ALBUQUERQUE, N.M. – Federal officials Thursday confirmed a leak of nuclear waste at a southeastern New Mexico repository, but it could be weeks before workers can safely access the underground dump to determine what happened.
The release of radiation from the Waste Isolation Pilot Plant poses no immediate public health threat, officials emphasized, but the state environment secretary said he was concerned with the lag in getting information about the incident.
The radiation leak potentially affects 14 million residents in New Mexico, Texas, and Chihuahua (Mexico). If the leak is as bad as some experts speculate, then the effect to the multi-state area could be much like a “dirty bomb”, rendering El Paso, Las Cruces, Midland/Odessa, Ciudad Juarez, and other major North American cities inhabitable for decades to come.
It is likely that the FEMA camps around the country which are sitting empty would be utilized for such a mass evacuation.
The DOE on Saturday announced that it had shuttered operations in response to an underground radiation sensor. But it wasn’t until Wednesday night that DOE confirmed that radiation had also been released above ground, about a half mile from the plant. And it wasn’t until a Thursday press conference that Jose Franco, manager of the DOE’s Carlsbad Field Office, confirmed publicly that readings from the monitors matched materials from the waste that is stored there, indicating a leak.
Environment Secretary Ryan Flynn said he traveled to Carlsbad as soon as he was told Wednesday night that radiation had been picked up by an above ground air sensor.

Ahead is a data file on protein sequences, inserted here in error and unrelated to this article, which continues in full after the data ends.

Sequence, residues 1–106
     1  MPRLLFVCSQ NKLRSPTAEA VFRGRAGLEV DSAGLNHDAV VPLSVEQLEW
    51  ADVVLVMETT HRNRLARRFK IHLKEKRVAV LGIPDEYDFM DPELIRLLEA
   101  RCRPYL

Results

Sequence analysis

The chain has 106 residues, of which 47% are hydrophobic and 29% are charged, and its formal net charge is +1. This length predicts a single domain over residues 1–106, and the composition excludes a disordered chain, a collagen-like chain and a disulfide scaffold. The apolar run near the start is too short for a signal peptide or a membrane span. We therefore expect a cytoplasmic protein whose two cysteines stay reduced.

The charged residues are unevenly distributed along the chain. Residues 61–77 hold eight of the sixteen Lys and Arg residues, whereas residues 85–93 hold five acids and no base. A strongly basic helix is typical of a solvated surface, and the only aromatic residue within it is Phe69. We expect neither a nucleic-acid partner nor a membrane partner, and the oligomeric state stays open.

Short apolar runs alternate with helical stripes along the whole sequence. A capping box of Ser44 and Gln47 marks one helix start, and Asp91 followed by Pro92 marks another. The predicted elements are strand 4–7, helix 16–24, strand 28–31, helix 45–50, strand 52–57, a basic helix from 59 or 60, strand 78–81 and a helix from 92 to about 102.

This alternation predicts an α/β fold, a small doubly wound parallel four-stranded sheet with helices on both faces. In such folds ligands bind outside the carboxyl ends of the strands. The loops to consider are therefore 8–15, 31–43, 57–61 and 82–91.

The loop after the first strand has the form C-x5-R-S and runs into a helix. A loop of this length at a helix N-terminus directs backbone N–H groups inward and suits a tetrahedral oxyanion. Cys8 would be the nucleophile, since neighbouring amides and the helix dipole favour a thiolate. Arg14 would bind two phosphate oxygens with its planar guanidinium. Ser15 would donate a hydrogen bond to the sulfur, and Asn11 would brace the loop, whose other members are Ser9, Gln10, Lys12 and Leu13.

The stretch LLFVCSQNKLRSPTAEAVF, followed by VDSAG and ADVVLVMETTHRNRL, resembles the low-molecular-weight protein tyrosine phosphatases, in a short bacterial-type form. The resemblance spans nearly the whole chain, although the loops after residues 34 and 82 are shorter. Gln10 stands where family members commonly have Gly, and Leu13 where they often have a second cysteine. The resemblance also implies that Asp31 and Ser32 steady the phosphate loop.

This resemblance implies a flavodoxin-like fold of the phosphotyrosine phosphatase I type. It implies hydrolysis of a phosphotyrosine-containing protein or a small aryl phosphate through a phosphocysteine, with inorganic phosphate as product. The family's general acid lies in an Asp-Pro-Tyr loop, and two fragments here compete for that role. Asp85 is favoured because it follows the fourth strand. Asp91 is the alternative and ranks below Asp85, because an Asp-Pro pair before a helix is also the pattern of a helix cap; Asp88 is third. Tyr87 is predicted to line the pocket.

“We are wondering why it took a couple of days to confirm the radiological event outside of the underground,” he said. “We will demand that federal officials share information with the public in real time. That’s the reason we are here.”
Franco said it was the first such incident since WIPP opened 15 years ago, and that the emergency systems worked flawlessly after the alert late Friday night. He said the filters activated immediately, enabling only trace amounts of radiation to escape. The radiation levels underground have since been dropping, he said, indicating it was an isolated spill.
Flynn, however, said, “Events like this should never occur. From the state’s perspective, one event is far too many. Our primary concern continues to be public safety.”
“Even though the levels detected are very low,” he said, “radiation is simply not supposed to be released outside the building.”
The DOE has appointed a team to investigate the leak at the plant.
It was the second incident in just a matter of weeks. Earlier this month, a truck hauling salt below ground caught fire, shutting operations for a few days. Officials have not said what caused the truck fire, but Franco said it was unlikely the events were related. He also said there was no evidence of a seismic event at the site.
WIPP is the nation’s first underground nuclear repository. Each week it receives 17 to 19 shipments of low-grade nuclear waste like plutonium-contaminated clothing and tools from Los Alamos National Laboratory and other federal nuclear sites around the country.
Those shipments have been halted indefinitely, which could impact the ability of Los Alamos to meet a state deadline this year for removing thousands of barrels of waste that currently are stored outside on its northern New Mexico compound.
After a large wildfire lapped at the edges of lab property in summer 2011, New Mexico Gov. Susana Martinez identified removal of the waste as a top priority. The Federal Government still hasn’t removed the nuclear waste which is now a public health hazard.